In the furnace according to FIGS. 11-13, the glass to be melted is molten at a temperature of about 1300° C., and since the radioactive material is likewise present in the form of a slurry, while the concentration of slurry may be substantially lower, an auxiliary upper furnace heating system is installed into the furnace, wherein silicon carbide heater elements 21 are protected against the entry of steam by a cover 22 of Inconel and by boiler or heating tubes.
According to FIGS. 11-13, the discharge spout 19a is laterally arranged in order to facilitate the discontinuous mode of operation in which the flow of glass must be stopped quickly.
This particular problem is solved by pressing against a lateral aperture in this discharge spout brick 19, a sealing electrode 18 the tip of which has a conical configuration, such that the aperture may be sealed immediately by pressing the electrodes 18 thereagainst while the temperature within the discharge aperture, by controlling the current flow between such electrode and an electrode 24 disposed in the center of the furnace within the tank, may be maintained at a value permitting an instantaneous opening of the aperture by withdrawing said electrode 18.
In this way, "freezing" of the discharge aperture is positively prevented from occurring even in the closed condition of this aperture, and the space around the sealing electrode 18 is additionally heated by silicon carbide radiator elements 20 so as to provide for a smooth continued flow-out of the glass steam.
As mentioned above, the cross-sectional area is substantially greater in the upper portion of the tank than in the lower portion thereof in order to minimize and limit vertical variations of the glass melt level caused by the discontinuous operation, and in order to, as mentioned above, provide a greater surface area for the evaporation of the water from the suspension or from the slurry, respectively.
Tempering or start-up of the furnaces according to the invention is effected by the heater elements 20 positioned in the superstructure and by further heater elements 25 disposed in the bottom of the tank, as is customary in conventional, electrically heated glass melting furnaces. Of course, auxiliary electrodes may be used, by means of which the furnace may be operated by using glass fragments rendered conductive with the use of additives or upon melting a thin glass layer at the bottom.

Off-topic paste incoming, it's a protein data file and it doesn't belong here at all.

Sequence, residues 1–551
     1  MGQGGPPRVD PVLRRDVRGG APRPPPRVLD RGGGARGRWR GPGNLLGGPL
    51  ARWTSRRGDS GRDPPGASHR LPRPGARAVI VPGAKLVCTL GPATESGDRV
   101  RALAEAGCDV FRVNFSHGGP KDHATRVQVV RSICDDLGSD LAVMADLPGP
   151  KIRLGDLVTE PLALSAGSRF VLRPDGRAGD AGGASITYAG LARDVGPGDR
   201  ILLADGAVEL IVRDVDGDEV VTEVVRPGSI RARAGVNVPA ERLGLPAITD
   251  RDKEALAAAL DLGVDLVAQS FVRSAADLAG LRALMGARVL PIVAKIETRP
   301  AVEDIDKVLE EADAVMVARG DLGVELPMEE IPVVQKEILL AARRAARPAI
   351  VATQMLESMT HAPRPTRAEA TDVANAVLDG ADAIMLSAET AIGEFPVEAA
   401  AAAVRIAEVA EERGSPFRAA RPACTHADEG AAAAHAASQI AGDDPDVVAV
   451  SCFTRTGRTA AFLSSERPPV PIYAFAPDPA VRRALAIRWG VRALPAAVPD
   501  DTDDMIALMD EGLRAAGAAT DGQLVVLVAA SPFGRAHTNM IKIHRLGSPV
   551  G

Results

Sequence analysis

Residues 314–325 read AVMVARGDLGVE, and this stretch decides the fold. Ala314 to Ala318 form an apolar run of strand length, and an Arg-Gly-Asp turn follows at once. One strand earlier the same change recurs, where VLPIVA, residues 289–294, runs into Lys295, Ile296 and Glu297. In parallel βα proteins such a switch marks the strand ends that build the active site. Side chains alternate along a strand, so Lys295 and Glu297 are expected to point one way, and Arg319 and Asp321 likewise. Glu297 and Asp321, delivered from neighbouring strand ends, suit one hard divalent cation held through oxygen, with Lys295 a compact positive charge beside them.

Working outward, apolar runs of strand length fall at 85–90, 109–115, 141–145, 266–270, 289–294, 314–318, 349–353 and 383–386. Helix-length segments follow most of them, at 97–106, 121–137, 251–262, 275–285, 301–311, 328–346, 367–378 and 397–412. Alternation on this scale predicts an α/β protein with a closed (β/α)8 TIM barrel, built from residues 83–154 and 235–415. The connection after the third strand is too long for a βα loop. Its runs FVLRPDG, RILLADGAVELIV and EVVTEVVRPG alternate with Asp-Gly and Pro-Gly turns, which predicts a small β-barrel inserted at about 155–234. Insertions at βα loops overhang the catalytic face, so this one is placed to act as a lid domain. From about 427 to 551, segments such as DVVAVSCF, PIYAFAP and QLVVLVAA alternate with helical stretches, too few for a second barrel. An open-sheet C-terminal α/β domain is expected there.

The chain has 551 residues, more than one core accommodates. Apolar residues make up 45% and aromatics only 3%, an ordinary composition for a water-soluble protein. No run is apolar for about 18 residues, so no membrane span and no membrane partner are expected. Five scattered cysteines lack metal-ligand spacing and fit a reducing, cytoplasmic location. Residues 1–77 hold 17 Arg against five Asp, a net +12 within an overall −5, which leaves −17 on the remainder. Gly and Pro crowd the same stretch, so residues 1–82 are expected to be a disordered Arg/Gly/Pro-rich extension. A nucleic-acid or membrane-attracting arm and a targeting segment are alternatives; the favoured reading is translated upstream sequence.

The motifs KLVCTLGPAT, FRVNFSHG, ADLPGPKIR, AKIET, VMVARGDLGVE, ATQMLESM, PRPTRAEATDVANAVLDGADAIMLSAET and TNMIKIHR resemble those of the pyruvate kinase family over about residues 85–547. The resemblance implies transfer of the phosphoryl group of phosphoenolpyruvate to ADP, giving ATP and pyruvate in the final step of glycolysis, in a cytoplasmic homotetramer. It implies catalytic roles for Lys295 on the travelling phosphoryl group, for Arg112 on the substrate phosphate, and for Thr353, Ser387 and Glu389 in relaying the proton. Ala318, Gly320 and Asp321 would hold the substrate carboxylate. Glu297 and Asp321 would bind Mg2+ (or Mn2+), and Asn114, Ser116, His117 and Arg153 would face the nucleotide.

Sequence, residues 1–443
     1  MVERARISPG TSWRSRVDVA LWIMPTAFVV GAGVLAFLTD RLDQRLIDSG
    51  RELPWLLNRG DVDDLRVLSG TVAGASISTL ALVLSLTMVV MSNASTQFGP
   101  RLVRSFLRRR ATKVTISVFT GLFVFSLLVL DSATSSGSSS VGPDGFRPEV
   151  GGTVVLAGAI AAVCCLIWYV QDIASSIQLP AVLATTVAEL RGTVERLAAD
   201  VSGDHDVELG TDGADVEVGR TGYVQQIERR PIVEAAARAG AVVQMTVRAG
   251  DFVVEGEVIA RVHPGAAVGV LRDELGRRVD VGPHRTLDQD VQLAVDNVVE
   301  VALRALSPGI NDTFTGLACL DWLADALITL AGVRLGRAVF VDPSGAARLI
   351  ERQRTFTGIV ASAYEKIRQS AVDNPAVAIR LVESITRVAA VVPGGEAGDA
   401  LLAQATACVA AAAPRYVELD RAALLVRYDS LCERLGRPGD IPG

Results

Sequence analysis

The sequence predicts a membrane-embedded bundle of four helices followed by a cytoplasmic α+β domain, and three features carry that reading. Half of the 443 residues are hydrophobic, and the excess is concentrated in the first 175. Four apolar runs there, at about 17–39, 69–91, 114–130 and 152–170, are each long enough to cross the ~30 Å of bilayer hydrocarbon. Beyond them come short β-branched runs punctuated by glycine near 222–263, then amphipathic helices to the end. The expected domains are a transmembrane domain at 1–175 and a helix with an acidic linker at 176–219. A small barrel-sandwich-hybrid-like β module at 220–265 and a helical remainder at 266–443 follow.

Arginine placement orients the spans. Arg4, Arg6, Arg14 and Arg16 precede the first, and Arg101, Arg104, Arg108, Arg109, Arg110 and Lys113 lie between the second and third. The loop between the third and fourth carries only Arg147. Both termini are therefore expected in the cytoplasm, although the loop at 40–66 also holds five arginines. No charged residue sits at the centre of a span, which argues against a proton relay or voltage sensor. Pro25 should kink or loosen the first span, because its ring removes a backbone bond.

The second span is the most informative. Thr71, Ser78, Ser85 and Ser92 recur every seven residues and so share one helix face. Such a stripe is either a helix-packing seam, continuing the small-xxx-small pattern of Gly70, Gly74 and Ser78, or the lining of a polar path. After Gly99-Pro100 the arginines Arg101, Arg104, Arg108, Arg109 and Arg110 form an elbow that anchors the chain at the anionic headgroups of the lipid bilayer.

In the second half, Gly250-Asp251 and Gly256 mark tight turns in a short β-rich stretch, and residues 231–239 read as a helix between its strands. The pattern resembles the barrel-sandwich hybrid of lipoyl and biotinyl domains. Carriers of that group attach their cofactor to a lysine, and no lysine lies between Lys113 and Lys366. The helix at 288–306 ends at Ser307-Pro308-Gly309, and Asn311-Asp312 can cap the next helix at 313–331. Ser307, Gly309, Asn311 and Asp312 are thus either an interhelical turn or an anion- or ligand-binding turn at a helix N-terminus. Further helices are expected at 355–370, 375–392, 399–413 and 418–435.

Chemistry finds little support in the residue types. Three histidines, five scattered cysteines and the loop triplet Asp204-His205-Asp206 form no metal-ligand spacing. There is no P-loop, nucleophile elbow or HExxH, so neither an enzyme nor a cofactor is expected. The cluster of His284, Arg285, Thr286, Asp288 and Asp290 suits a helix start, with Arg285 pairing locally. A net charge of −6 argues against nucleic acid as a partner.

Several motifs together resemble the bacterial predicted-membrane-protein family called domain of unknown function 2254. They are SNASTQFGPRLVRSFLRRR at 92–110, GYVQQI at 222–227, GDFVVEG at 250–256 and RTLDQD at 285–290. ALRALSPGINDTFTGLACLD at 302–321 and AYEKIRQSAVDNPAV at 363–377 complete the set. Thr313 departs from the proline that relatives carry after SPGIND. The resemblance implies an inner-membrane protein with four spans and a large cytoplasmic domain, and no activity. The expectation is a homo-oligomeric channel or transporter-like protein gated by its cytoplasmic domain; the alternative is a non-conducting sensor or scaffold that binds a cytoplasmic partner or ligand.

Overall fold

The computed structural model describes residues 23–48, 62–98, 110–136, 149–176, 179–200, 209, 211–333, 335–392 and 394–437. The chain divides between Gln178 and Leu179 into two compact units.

The furnace according to FIGS. 11-13 is provided with a protective circuit for the molybdenum electrodes, with the counter or opposite electrode being a tin-oxide electrode 24 mounted in the center of the bottom. Protective circuits of this kind are known from prior patents.
In order that variations of weight upon discharging of the glass and upon charging with mixture or slurry can be observed accurately, the complete furnace rests upon at least four pressure gauges 23 such that the weight of the quantity discharged or fed or the variations of weight, respectively, can be determined positively.
The lateral discharge spout 19a including the sealing electrode 18 which is adjustable in its spacing with respect to the discharge spout, not only provides for the possibility of closing or sealing the discharge spout, but also for the possibility of controlling the rate of discharge by adjusting the degree of opening of the discharge spout. Thus, the temperature of the glass discharged may be controlled additionally by means of the current flow into the interior of the furnace. The further construction contemplates that the entire discharge aperture or spout may be exposed by withdrawing the heating compartment including the heater elements 20 so as to allow replacement of the discharge brick 19 with the aid of a manipulator, if required.
With respect to various structural features, further reference is made to applicant's prior patents, U.S. Pat. No. 3,742,111 issued June 26, 1973; U.S. Pat. No. 3,942,968 issued Mar. 9, 1976; U.S. Pat. No. 4,027,091 issued May 31, 1977; and co-pending application Ser. No. 804,405 filed June 7, 1977, regarding the current supply to ceramic electrodes, a vertical electrical melting furnace, and a furnace for melting of mineral substances.
Considered on the whole, it may be stated that the two above embodiments of the furnace according to the invention for the inclusion melting of glass and highly radioactive components for the first time allow one to produce, in a safe and easy manner, solid materials from the highly radioactive waste materials such that safe storing of such waste materials for maximum periods of time is rendered possible.
As stated above, the mixture (frit) and slurry containing radioactive components have been arbitrarily differentiated; of course, the complete feed may consist of such slurry or suspension provided that a sufficient quantity of glass yielding constituents is contained therein. In a further embodiment, it is naturally possible also to mix slurry and a glass mixture of the conventional type prior to the feeding thereof into the furnace.